“No, we had no idea and were just following the rhythm of the story. We could feel the momentum picking up with the petition and we were hopeful but there have been attempts in the past to change things. This time, I think women have had enough and they’ve been able to be better organized but we really didn’t know what was going to happen.”  

 

“How has the reaction been out in Mississauga to this decision?”

“I think some people are cautious. There has been a lot of support from local communities as well as government organizations. There has been organized screenings set up as well as more screenings in July and August. There is a local screening coming up at the community center where there will be a lawyer and a faith leader on the panel. It will be a very important screening because it will bring the entire community out.” 

 

“Is the wife allowed to seek out a divorce if she feels it’s warranted?”

“That’s not possible. She would have to go through the authorities and say, ‘I’m not happy in this marriage and I want out.’ She can’t stand and say ‘talaq’ three times.” 

 

‘Does the Supreme Court decision affect all of India?’

‘In India, there are many faiths and this only applies to a specific Muslim faith community. The members are governed by their laws such as family, marriage and divorce. It’s based on their own scriptures. What’s been happening with the Muslim community is that there aren’t any defined/uniformed rules that are written down. You’d have to go to your faith leader and they would tell you that this is wrong and he’d tell you what to do because it is your faith and you agreed to it with your family and it has been accepted in a court of law. It was finally changed during the making of the film. The husband had faced boycott from the rest of his family if he didn’t follow this procedure.”  

 

“How has the audience reaction been to this film?”

“It’s actually been pretty good because I’ve received a lot of support and requests from communities and there was a large screening in Burmingham, Ontario where there is a large community often activated by big issues. We have had discussions here in Toronto with Canadian consulate women onboard. At the local Canadian organization talking about how the issues can affect women here and where they can go for help if such a thing does happen and what they can do in that scenario, that’s been the best part about it knowing that it’s sifting through the community. In the Muslim community there are different interpretations. These are not God ordained laws and in India, the faith leaders that hold positions of power and people don’t want to challenge them but that’s what I’m trying to do. We can’t step aside and let this happen.”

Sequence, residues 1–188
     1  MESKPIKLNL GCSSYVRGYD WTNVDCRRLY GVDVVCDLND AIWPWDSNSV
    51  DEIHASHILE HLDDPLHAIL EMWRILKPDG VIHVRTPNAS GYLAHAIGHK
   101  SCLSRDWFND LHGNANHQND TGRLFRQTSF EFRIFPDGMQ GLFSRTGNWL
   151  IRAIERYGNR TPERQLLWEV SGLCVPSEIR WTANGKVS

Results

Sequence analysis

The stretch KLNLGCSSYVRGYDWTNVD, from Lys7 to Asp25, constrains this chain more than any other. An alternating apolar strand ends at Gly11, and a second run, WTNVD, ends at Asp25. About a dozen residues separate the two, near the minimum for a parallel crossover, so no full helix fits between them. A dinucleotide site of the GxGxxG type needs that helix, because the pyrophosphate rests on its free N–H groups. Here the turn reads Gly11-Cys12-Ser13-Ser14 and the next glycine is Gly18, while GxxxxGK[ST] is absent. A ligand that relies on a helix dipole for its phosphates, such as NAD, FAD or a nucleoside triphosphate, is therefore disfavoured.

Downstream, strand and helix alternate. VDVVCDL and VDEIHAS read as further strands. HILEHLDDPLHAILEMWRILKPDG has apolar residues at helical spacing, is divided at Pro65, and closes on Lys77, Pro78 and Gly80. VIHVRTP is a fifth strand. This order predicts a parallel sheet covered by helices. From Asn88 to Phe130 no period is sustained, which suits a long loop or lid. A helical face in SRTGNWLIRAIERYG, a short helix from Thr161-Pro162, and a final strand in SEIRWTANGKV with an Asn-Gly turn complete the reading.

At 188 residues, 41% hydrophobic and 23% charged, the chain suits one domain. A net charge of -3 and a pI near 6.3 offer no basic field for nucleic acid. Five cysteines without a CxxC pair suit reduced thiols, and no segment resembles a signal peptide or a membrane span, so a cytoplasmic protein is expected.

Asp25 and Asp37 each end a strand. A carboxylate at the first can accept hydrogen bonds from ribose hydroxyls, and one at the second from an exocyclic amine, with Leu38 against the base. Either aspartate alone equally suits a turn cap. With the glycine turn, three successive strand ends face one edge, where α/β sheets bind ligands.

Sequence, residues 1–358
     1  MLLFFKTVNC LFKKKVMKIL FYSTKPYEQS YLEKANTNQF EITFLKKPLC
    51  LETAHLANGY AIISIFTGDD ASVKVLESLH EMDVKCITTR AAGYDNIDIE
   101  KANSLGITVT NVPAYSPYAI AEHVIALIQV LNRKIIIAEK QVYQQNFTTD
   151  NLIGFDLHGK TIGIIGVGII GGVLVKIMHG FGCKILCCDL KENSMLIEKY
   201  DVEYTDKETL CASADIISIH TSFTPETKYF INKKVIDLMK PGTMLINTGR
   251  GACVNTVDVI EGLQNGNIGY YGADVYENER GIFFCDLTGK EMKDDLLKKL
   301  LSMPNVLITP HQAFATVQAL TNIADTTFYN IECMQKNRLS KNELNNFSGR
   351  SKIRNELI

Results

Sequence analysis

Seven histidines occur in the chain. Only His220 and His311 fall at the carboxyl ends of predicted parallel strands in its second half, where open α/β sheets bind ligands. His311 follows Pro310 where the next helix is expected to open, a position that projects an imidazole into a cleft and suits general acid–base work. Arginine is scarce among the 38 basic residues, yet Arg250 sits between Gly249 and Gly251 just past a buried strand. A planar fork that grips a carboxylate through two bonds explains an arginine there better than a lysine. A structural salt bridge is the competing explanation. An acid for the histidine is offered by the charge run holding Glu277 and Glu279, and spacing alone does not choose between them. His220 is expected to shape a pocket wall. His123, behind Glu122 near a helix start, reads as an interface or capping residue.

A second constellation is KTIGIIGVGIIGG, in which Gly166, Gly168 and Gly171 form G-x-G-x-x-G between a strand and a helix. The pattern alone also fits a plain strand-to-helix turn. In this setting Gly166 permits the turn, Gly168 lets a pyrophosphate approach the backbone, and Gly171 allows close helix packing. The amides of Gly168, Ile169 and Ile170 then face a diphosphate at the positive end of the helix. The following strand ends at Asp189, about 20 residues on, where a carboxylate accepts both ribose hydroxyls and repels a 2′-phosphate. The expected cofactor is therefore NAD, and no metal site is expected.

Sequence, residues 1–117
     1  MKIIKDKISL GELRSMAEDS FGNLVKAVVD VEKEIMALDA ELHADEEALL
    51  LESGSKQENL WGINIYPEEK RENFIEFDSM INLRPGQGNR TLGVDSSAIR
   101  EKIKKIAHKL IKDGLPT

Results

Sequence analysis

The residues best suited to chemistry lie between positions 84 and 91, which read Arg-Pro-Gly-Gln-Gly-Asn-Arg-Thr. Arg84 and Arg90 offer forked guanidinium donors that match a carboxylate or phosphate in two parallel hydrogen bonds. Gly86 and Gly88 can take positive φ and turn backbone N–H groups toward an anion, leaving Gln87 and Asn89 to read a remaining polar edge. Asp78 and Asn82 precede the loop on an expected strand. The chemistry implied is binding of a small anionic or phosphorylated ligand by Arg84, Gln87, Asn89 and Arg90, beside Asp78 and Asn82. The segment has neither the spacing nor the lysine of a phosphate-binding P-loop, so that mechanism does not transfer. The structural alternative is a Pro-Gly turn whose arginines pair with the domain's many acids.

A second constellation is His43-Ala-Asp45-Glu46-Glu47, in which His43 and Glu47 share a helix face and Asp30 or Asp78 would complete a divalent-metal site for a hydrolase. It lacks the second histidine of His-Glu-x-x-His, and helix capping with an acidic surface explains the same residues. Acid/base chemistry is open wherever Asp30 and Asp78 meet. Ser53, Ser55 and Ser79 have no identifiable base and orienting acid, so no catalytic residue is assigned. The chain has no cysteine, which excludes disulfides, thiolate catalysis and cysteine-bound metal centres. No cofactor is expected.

“Are there other laws that Indian women would like to see abolished?”

“Yes, it’s a long process and the faith leaders will react differently so the women want a proper provision that would outline the process because it affects everyone in the community. They also want polygamy abolished and they recently won a court case in which Muslim women were now allowed to enter places of religious faith.”  

 

“Did you have any concerns for your safety when you set out to document this story?”

“Not physically threatened because I’m privileged enough to live here and when I was there things had started to change and many people were on the ground. It was an emotionally exhausting feeling that you are responsible for your subjects and also realizing that the community could be impacted if the decision had gone the other way. I remember when the news came out all over India I was trolled online and called many names. I had gone into my shell for a while but then realized I had to finish the film and I had said what I wanted to say to the trollers so I focused on finishing the film.” 

 

“Your previous documentary Namrata was about Namrata Gill. What is it about subjects that grab your attention to want to make a documentary about them?”

“That was an intimate one. Namrata immigrated to Canada and was sponsored by her husband. When she was getting married she thought she was going to marry a Canadian Indian and have a good life but it was just the opposite. He exercised his control over her because she was new. He denied her independence, education and was physically abusive. She became pregnant and had a daughter. She wanted to be a good role model for her, so she finally got out of the situation. She sought help and her father came down. He happened to be involved in emergency and non-profit that help women in these situations. The great thing about her story is that she went on to become a police officer and is now in a situation to help other women. I remember meeting her for the first time and telling her that she has to let me tell her story. I enjoy stories where women have been able to turn their lives around through a support system and are now passing the torch and helping others. I don’t want to portray women as helpless victims, I like to tell the stories of women that find a way out and find agency. They’ve been able to turn their lives around through the support of strong allies. There are many issues that we tend to sweep under the rug because they might be too taboo but I do think it’s time to talk about it and capture it on film. That is the draw and I love to tell those stories.”

 

Shazia Javed is taking some time off to recharge her batteries and catching her breath before she starts her next project. Making documentaries can take over your life and take years to complete. It is a marathon of emotion and endurance to reveal the stories that we need to hear. We can always learn something new and we can all get involved to help create change where it’s needed.